the rest o f us, m u st som etim es b ecom e a borrow er, e sp ecia lly
in tim e o f w ar. W hen such a situ a tio n arises, th e F ed eral R e­
serv e-B a n k s are on e im p ortan t sou rce fro m w h ich the G ov­
ernm ent can get credit. T h ese B anks a lso act as fiscal agents
and cu stod ian s fo r the C om m od ity C redit C orp oration and
th ey are n ow tak in g over th e receip t o f w ith h o ld in g taxes for
G overnm ent accou n t. M oreover, w h en con su m er credit con ­
trol w as still in fo rce, its a d m in istra tio n w as vested in the
F ed eral R eserve B anks.

Our custom ers, n a tu ra lly , cannot get cash from us u n less
they have a d ep osit in the bank. S im ila rly , w e cannot get cur­
rency from the F ederal R eserve B ank u n less w e carry a d e­
p osit there. Our d ep osit w ith the F ed eral R eserve is ca lle d
our “reserve accou n t.” A ll m em ber banks are req u ired to
carry their reserves w ith the F ed eral R eserve Bank.



W e com e now to the m ain p u rp o se o f the F ed eral R eserve
System — the m ain ten an ce o f sou n d cred it con d ition s — and
h ow it tries to a c c o m p lish th is task. S in ce th e end o f the war,
w e h ave had som e ex p erie n c e w ith in flation . W e have seen
the g en eral p rice le v e l rise to record h eig h ts and the v a lu e o f
m on ey m elt aw a y in con seq u en ce. M ost o f us a lso had som e
ex p erien c e w ith d eflation in th e e a r ly th irties. In th ose days
w e saw p rices f a ll to ru in ou s lev els, and b u sin esses b y the
th ou san ds g o in g bankrupt, w h ile m illio n s w alk ed the streets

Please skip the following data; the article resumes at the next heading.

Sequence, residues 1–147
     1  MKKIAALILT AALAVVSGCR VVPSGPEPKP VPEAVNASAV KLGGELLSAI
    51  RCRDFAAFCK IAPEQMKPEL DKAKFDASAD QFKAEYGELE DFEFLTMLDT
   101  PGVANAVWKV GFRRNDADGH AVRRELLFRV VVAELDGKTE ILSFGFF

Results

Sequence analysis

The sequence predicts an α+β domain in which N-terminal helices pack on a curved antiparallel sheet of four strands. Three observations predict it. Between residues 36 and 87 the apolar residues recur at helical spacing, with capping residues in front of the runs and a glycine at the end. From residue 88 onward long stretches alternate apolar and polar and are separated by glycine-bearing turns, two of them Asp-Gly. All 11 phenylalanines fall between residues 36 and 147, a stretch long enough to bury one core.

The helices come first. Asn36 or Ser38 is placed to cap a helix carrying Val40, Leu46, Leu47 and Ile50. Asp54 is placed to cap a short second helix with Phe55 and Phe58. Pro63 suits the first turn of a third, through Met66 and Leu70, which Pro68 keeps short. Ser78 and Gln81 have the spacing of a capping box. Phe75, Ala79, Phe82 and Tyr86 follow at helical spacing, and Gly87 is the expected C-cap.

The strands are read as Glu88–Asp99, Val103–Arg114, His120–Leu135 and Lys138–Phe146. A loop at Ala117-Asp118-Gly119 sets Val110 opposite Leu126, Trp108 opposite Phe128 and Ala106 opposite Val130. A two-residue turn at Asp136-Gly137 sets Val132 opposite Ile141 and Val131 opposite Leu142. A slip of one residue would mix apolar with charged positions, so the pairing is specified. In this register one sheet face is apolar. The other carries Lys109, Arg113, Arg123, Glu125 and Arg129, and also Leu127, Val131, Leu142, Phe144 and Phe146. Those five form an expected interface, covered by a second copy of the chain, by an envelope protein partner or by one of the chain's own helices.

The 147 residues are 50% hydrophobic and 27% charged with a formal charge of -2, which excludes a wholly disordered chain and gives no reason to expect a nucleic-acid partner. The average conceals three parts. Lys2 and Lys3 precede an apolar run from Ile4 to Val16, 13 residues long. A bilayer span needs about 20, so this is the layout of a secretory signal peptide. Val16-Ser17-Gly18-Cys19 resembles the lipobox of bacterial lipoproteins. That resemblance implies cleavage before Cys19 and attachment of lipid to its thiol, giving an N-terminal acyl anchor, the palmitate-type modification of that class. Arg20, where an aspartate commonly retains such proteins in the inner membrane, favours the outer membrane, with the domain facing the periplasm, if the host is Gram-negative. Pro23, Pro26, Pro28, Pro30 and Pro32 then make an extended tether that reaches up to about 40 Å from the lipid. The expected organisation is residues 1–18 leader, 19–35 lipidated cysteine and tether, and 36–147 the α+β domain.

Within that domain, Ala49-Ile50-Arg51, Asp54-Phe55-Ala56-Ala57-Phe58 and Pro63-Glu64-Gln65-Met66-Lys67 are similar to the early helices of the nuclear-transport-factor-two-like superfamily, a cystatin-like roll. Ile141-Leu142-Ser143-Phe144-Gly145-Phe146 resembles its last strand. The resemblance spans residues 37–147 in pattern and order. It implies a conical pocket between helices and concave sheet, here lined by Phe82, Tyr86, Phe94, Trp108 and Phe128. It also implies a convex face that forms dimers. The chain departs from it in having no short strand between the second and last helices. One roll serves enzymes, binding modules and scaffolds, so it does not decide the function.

M

o n t h l y

R e v ie w

o f th e F ederal R eserve B a n k o f A tla n ta fo r J u n e 1950

seeking jobs that were not to be found. These violent changes
in the value of money, up and down, although they may favor
certain groups, nevertheless work immeasurable hardship on
the great majority of people. They certainly make it difficult
for any businessman to plan his business rationally.
What causes these violent changes in the value of money,
remembering that bank credit is our main form of money?
Fundamentally the trouble lies in the relation between the
volume of money and the volume of goods and services to be
bought with money. When the stream of money grows faster
than the stream of goods, we have rising prices — inflation.
When the stream of money does not grow as fast as the stream
of goods we have falling prices — deflation. The Federal Re­
serve tries to minimize these fluctuations by influencing the
size of the money stream in such a way that it w ill more
nearly match the size of the goods stream.
How does it do this? Let us see. The ability of a member
bank to extend credit to its customers, and thus add to the
supply of money, depends upon the size of the reserve which
it carries with the Federal Reserve Bank. For each dollar in
its reserve account, a bank can extend five or six dollars in
deposit credit to its customers. The more dollars it has in its
reserve, therefore, the more credit it can extend. The fewer
dollars, the less credit it can extend. Because the Federal
Reserve has the power, within certain limits prescribed by